A condensed history of the coming chaos.
"Haven't you forgotten a little something?" the dealer asked me three years ago. I had become so entranced by the tiny Konica Minolta DiMAGE X50 point-and-shoot digital camera I had just bought (and still use today), that I had completely ignored the box of connecting cords and software CD.
"You won't get very far without this," he said, extracting a charger, a power cord so thick it looked like a hawser suitable for berthing a seagoing vessel, and finally the little sliver of a NP-700 rechargeable Li-ion battery. Good grief.
All necessary? No longer. Recently, I had cause to rummage though a newly opened Canon EOS Digital Rebel XTi box and came across a folding one-piece/charger that did it all. Canon instructions indicate that either this charger (CB-2LW) or a two-piecer (CB-2LWE) is included. The U.S. gets the folder; Europe, with all its different plug configurations, gets the other. Eventually, it would seem logical for all battery makers, at least in this country, to craft a similar, single-piece charger.
Once upon a time, powering up cameras was a simple matter, with universally available button batteries that fit most 35mm cameras, past and present. These were (and still are) made by the big battery makers such as Duracell, Eveready, Maxell, and VARTA. Battery power and sizes are standard for all manufacturers. Granted there were oddball cameras with oddball batteries, but in the old days, when we weren't too lazy to wind and rewind 35mm cameras manually, batteries such as the MS76 were sufficient to light our viewfinders, run our meters, and even power electronic shutters.
Then, autowind and rewind 35mm cameras came along, with increased power demands. The small, cylindrical CR2 lithium handled these, but when even more power was needed, the bulky, kidney-shaped 2CR5 arrived. Splitting it in two created the CR123, which could be used as one or two stacked cylinders. Then came the dawn of the digital camera age.
Digital compacts generally use AA-size batteries. Two alkaline cells are often packed with the camera, providing a paltry number of shots before pooping out completely. The camera directions strongly suggest the owner purchase very efficient, rechargeable, nickel metal-hydride batteries and a charger, or the more convenient but frightfully expensive nonrechargeable AA lithium batteries. Still, in an emergency, alkaline AA cells are available just about everywhere on the globe. A few DSLRs and EVFs also use AAs.
The itsy-bitsy shirt pocket digital cameras are too small for standard-sized batteries, so the camera manufacturers engineered (or had engineered) highly compact rechargeables and chargers, which are sold with the cameras. There is virtually no standardization of batteries or chargers among manufacturers, and often little from one model to the next of the same manufacturer. Purchasing a spare battery when you buy a camera is essential.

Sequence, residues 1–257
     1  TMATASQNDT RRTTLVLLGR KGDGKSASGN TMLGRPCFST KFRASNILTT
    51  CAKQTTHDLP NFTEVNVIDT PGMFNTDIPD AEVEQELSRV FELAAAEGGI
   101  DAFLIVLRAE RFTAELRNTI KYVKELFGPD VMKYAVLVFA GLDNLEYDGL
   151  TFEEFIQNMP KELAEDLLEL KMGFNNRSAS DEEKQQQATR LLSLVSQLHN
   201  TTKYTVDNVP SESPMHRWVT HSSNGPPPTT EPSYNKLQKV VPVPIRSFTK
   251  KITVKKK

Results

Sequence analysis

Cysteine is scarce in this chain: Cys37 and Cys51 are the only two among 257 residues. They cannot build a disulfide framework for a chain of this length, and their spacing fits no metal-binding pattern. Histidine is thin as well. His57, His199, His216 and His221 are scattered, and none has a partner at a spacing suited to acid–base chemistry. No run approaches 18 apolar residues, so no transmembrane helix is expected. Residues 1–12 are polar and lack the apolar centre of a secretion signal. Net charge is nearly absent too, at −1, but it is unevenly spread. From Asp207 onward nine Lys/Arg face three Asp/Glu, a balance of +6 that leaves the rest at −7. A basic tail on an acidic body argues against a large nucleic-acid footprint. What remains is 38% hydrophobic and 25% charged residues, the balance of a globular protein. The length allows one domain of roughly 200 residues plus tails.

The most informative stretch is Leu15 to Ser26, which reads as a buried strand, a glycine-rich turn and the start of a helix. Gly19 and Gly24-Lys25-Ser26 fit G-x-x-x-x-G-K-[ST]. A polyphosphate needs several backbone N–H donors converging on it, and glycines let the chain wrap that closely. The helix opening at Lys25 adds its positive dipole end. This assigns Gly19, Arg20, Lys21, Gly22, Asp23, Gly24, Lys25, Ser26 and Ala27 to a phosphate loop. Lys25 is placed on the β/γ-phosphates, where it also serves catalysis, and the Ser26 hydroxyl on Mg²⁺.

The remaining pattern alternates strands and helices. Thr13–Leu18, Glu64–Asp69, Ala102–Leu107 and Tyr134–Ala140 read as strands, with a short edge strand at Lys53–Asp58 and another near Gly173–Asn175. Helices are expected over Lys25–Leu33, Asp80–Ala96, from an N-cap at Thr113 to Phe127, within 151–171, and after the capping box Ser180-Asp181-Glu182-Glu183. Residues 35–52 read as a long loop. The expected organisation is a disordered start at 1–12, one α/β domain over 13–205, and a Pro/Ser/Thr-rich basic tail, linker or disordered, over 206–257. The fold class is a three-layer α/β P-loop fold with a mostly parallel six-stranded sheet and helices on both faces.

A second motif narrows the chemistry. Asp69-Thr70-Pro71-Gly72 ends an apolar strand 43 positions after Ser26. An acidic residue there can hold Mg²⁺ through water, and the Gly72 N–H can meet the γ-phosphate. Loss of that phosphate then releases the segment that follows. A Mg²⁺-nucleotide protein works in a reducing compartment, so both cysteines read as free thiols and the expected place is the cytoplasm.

The same holds true with DSLRs. While it may seem inefficient to make different batteries and chargers for same-manufacturer cameras, there's method to this madness. The Nikon D40, for instance, uses an EN-EL9 rechargeable Li-ion battery, which delivers up to 470 images per charge -- a reasonable number for many amateurs, but hardly enough for a pro. The Nikon D2xs, a high-level pro camera, uses an EN-EL4a rechargeable Li-ion battery for up to 3,800 images per charge. As you might guess, the advanced-amateur Nikon DSLRs have battery capacities between the extremes.
With the camera manufacturers taking over responsibility for battery and charger sales, profits shifted to them from the traditional battery suppliers. One wonders whether there would have been more chance of battery and charger standardization if the battery manufacturers were still in charge.
With always-changing and improving pocket-size and DSLR cameras, how long can the camera manufacturers be expected to supply replacement Li-ion batteries? Should they make available batteries for all their discontinued models? Or will orphaned owners be left to fend for themselves when it comes to power? As the earliest digital compacts are now entering their dotages, we may soon find out.
Ask Herbert Keppler
Q. Why are so many camera bags black? Wouldn't white reflect the sun's heat better?
A. Surprisingly, no. A few years back, one of the major bag manufacturers ran a test, black bag vs. white, in sunny conditions. Virtually no difference in interior temperature was found.